UKPOLICE-ap670
A British police officer at a crime scene. — Photo by AP/File

LONDON: Three British Muslims - including a convert who was featured in a documentary about radical Islam and a former London police support officer - have been charged with traveling to Pakistan for terror training, police said early on Thursday.

Scotland Yard said in a statement that Richard Dart, 29, Imran Mahmood, 21, and Jahangir Alom, 26, had traveled to Pakistan between 2010 and 2012 ''with the intention of committing acts of terrorism or assisting another to commit such acts.''

The statement also alleges that the three provided others with advice and counseling about how to travel to Pakistan, find training, and how to stay safe while there.

Two others, 22-year-old Ruksana Begum and 47-year-old Khalid Javed Baqa, were charged with having material likely to be useful for terrorism.

All five had been arrested earlier this month, and at least two of the accused had previously come to public attention.

Dart was featured in a recent BBC documentary, ''My Brother the Islamist,'' which chronicled the efforts of his filmmaker stepbrother Robb Leech to understand why the former had rejected his family and embraced an uncompromising form of Islam.

He was also featured in a YouTube video in which he criticised the British royal family, the marriage of Prince William to the then-Kate Middleton, and UK foreign policy.

Alom - a former police support officer who was arrested in an armed raid at his home - also made a YouTube appearance in which he described his time as an officer and expounded on his hardline beliefs.

The force said Begum was caught with a memory chip carrying issues of a publication it identified as ''Inspire,'' the name given to al Qaeda's English-language magazine. Police said she had the documents ''without reasonable excuse.''

Police said Baqa was also caught with issues of Inspire, along with a CD containing the work ''39 Ways to Support and Participate in Jihad.''

Scotland Yard did not immediately release much information on Mahmood, but both he and Alom live near Olympic sites.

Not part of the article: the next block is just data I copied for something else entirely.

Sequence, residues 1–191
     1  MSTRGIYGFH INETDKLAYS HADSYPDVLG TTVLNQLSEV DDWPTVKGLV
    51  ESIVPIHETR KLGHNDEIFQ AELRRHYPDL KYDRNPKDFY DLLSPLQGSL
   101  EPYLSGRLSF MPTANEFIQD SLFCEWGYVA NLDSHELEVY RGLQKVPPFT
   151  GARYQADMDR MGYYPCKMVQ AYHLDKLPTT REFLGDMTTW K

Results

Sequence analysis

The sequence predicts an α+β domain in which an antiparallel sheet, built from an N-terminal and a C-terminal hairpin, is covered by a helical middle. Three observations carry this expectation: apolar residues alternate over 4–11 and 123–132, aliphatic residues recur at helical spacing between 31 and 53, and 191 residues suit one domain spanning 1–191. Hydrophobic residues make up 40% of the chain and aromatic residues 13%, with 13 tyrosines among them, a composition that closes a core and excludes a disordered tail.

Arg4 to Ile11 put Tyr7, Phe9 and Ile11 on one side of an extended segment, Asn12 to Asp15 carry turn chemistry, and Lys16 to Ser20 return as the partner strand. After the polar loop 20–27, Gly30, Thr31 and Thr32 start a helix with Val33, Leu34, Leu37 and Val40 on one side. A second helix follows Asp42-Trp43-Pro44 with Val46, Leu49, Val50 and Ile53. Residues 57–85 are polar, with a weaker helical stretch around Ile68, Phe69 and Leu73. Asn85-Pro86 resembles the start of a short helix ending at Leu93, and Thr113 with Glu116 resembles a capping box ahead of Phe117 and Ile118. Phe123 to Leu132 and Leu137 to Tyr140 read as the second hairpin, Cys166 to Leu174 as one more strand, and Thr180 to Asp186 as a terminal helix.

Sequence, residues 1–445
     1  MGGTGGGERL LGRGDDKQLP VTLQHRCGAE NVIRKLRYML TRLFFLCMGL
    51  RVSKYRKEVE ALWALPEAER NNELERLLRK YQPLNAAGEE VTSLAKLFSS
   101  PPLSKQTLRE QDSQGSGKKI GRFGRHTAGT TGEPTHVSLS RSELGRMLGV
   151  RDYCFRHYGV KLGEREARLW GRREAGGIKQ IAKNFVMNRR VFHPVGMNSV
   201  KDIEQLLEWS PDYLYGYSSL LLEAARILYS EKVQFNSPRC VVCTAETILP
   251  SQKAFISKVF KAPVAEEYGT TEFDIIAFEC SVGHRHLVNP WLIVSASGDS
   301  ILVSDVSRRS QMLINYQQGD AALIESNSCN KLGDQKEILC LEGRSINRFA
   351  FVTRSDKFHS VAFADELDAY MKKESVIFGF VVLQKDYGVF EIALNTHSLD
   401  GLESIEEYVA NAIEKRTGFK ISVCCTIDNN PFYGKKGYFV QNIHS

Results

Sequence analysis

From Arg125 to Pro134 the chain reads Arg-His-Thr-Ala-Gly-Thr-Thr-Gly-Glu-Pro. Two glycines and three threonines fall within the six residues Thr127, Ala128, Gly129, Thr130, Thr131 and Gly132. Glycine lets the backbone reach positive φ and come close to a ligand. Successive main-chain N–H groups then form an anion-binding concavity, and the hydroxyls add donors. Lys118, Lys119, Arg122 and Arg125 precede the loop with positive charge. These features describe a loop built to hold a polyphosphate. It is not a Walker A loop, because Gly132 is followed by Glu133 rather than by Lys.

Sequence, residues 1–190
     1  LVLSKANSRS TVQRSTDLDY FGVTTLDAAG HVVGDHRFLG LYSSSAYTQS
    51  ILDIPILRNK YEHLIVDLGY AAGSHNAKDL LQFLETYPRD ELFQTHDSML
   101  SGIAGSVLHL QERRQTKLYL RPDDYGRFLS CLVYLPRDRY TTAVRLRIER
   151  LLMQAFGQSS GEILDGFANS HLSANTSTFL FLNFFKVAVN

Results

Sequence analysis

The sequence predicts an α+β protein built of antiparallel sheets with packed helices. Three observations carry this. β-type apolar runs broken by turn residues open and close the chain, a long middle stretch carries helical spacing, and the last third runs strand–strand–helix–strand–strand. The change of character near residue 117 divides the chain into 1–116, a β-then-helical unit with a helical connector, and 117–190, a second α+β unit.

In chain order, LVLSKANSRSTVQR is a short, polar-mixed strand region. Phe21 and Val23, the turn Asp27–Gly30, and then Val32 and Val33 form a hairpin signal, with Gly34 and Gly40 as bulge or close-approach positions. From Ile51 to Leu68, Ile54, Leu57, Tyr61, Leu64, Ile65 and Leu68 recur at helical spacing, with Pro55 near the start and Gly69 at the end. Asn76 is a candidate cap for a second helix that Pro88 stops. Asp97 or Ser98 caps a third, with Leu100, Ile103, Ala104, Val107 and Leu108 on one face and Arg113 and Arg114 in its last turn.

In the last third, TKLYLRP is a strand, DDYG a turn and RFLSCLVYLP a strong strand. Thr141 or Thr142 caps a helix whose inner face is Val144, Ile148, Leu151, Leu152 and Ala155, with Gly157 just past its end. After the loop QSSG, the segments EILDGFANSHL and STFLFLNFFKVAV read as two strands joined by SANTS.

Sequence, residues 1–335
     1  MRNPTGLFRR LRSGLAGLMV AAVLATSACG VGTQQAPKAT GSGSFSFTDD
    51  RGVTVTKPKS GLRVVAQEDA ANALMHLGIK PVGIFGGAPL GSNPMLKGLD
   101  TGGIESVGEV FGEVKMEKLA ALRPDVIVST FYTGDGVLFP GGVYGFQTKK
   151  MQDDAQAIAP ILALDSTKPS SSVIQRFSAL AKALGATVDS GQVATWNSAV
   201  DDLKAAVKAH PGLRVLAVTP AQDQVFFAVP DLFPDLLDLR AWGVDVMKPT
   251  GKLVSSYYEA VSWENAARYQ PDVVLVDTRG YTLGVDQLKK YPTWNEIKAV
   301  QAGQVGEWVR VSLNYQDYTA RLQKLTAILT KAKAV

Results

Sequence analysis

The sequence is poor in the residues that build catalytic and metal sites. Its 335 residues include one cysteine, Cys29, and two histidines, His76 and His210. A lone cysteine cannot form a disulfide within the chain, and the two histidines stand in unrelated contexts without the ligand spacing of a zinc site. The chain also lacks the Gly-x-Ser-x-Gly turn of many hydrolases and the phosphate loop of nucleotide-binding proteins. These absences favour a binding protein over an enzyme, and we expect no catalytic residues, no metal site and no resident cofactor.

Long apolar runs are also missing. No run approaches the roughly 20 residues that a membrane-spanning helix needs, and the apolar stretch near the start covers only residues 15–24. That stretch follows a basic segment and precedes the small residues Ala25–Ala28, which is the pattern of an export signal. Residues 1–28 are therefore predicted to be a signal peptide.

Alom's home is only a mile (1.6 kilometers) from London's Olympic Stadium, while Mahmood lives just down the street from the site of a Royal Air Force at Northolt in northwest London, from where Typhoon jets and other military elements are due to provide security for the 2012 Games.

Nevertheless police insisted the case has nothing to do with the games, which begin July 27.

Intelligence officials say there has been an expected increase in chatter among extremist groups ahead of the games, but there are still no specific or credible threats targeting the Olympics.

Opinion

Editorial

An inexplicable delay
03 Oct, 2022

An inexplicable delay

AFTER a flurry of activity a couple of months ago, geared towards filling the vacancies in the apex court — an...
Dire situation
Updated 03 Oct, 2022

Dire situation

If there is any time for the civilian leadership to show unity, it is now.
Russian annexation
03 Oct, 2022

Russian annexation

AS Russia and the West play a zero-sum game in Ukraine, Moscow’s official annexation of four Ukrainian regions it...
Spy games
Updated 02 Oct, 2022

Spy games

The audios leaked so far appear to have been carefully curated: they apply pressure but do not do major damage.
‘Geopolitical football’
02 Oct, 2022

‘Geopolitical football’

THE US-China rivalry is by all measures one of the globe’s most dangerous competitions for power and influence. ...
Fuel price reduction
02 Oct, 2022

Fuel price reduction

ISHAQ Dar is back; so are his signature policies. The reduction of a little over 5pc in fuel prices announced by him...